3) I can say for a fact that I was not being patronizing at all. I don’t know how you read that into my statement. At the end of the day, if *you* enjoy the movie, then good for you (read that as patronizing if you will). Meanwhile, I’ll be waiting on a non-whitewashed version of a live-action anime film. The point of the article itself is that whitewashing in Hollywood includes erasing race *and* culture, and there comes a point when that has to stop, because none of us are cultureless.

      Thanks for reading the article, though.

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    3. I have to say I disagree with your stance as well as this article’s. The article seems to be advocating an all-Japanese cast (as in, nationality), while you seem to be defending the film being whitewashed. Both sides erase the existence of Japanese American actors and actresses.

      I think that this discussion about the cultural context of Ghost in the Shell is kind of irrelevant to the discussion of the film being whitewashed. As you said, an American adaptation of Ghost in the Shell should be expected to capture the spirit of the film while talking liberties about the film’s cultural context. Attempts by Western filmmakers to make stories from Asian settings about Asian culture have proven to be fetishizing and poorly executed (see: Avatar the Last Airbender, etc.)

      But this does not mean that it was OK for Hollywood to cast ScarJo as Motoko Kusanagi. As far as I know, they didn’t even change her name from Motoko Kusanagi, so they are both trying to make the film about Japanese culture while whitewashing the main character.

      Hollywood has terrible history of casting Asian woman and men as stereotypical roles, and white people as nonstereotypical Asian roles. They are responsible for warping the general American population’s perceptions of Asian people, and continue to do so by casting a white woman as Motoko Kusanagi in this film.

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      1. One more thing: while I disagree with Ms. Jones argument, I understand why it was important to write this article. I think, in general, a large amount of people do not think Motoko is Asian at all. Many have said that Motoko “does not look Asian”, “is not Asian”, etc. This is because Americans have warped perceptions of Asian people, due to the history of yellowface and stereotypes in American media.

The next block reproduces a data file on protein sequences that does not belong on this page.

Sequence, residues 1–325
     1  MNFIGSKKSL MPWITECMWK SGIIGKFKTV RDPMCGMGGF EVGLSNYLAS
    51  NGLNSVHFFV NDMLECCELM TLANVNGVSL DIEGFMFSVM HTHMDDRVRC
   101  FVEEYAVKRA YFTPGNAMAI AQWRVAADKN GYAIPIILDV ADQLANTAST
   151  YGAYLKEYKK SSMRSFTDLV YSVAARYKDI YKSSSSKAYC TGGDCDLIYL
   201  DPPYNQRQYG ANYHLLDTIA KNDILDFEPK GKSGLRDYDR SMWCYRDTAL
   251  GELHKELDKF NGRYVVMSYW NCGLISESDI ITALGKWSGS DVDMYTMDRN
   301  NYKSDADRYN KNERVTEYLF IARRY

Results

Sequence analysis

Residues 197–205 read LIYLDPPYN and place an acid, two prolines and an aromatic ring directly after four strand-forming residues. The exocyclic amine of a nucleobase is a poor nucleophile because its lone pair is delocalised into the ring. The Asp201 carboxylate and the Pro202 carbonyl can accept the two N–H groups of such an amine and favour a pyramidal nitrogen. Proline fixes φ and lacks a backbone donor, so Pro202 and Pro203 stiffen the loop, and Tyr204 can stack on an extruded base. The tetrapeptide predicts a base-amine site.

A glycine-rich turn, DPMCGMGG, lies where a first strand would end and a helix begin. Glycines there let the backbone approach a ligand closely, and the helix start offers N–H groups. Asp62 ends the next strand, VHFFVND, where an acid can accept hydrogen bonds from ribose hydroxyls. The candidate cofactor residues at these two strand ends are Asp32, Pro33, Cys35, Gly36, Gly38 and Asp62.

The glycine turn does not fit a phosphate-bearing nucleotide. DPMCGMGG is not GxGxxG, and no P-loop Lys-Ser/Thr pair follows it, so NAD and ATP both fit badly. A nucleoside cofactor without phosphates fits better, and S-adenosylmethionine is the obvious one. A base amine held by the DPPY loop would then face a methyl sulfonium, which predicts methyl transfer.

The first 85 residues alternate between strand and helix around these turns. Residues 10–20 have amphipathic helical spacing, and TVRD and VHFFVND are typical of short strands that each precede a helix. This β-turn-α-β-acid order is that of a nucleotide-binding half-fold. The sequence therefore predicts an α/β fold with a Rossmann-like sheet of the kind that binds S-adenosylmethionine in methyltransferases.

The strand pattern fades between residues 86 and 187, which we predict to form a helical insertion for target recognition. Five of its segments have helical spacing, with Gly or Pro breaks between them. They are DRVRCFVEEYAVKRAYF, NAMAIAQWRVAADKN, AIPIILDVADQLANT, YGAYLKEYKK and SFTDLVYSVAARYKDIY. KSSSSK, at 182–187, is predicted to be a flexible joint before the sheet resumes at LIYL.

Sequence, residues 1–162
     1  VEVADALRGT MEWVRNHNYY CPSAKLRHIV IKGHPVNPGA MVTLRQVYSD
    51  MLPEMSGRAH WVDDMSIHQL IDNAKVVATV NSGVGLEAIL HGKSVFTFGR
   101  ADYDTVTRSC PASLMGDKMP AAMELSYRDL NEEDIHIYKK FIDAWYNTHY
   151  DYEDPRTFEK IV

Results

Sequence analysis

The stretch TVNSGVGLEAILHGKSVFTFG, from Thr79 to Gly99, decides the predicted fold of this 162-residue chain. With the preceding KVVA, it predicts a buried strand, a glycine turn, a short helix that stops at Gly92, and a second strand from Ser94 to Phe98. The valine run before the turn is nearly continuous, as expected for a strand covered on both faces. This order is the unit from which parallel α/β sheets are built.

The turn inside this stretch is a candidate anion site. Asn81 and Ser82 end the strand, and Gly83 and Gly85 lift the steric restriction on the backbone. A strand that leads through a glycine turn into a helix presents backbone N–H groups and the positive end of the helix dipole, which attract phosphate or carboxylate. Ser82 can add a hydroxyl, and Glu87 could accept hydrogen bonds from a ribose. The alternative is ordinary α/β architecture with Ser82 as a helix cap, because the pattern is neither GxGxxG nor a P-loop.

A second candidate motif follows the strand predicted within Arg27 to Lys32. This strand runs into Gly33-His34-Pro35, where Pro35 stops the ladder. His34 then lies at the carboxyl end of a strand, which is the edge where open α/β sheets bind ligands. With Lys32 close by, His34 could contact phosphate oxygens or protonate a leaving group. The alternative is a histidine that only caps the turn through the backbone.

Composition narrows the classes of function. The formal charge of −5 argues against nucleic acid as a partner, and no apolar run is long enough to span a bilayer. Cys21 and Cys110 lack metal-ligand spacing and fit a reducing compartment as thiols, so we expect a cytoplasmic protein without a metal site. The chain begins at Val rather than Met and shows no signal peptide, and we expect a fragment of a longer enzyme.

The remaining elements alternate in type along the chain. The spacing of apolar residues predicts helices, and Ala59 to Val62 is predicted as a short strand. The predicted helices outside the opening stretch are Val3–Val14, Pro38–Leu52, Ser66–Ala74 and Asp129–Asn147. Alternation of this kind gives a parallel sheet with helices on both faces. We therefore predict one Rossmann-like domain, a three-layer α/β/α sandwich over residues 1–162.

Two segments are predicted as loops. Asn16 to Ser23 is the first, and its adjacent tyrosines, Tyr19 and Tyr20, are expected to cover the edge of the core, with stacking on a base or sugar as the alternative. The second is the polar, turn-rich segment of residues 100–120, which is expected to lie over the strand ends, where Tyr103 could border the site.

Long story short, I appreciate what this article is trying to say! Motoko is, without question, of Asian descent, for the reasons supplied in this article.

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    4. I left a couple of replies on this thread, which I wish I could/knew how to delete. If you see those, you should just disregard them, because I was rushed and totally put words in both your mouths and twisted them to fit my own perspective. After rereading her article and response to Santini’s comment carefully, I realize that I misinterpreted Ms. Jones and didn’t give her the respect she’s due.

      For what it’s worth, here’s what I think now:

      As a practice, I don’t think that foreign adaptations should be expected to perfectly preserve the cultural values and themes of original. But I have no interest in an American “Ghost in the Shell” that guts out all of the Japanese themes, setting, and cultural context of the animated film. Why call the film “Ghost in the Shell”, if that is the intention? I just see it as another instance of Hollywood trying to profit off of “Asian things” without any real respect for the culture or people.

      Still, the discussion of how faithful the film should be to the original’s culture involves much more than just the casting choices, and is kind of a separate topic altogether. Staying on-topic about the whitewashing of the film, there’s no excuse to cast a white person as someone named “Motoko Kusanagi”, or to replace that character with a new white character that goes by “the Major” if that’s what they did. Even if the film needs to reflect American cultural values, Asian Americans are a part of American culture and therefore fitting for an American adaptation. I’m sick of whiteness being associated with being American, and Asian Americans being seen as neither “American enough” nor “Asian enough”.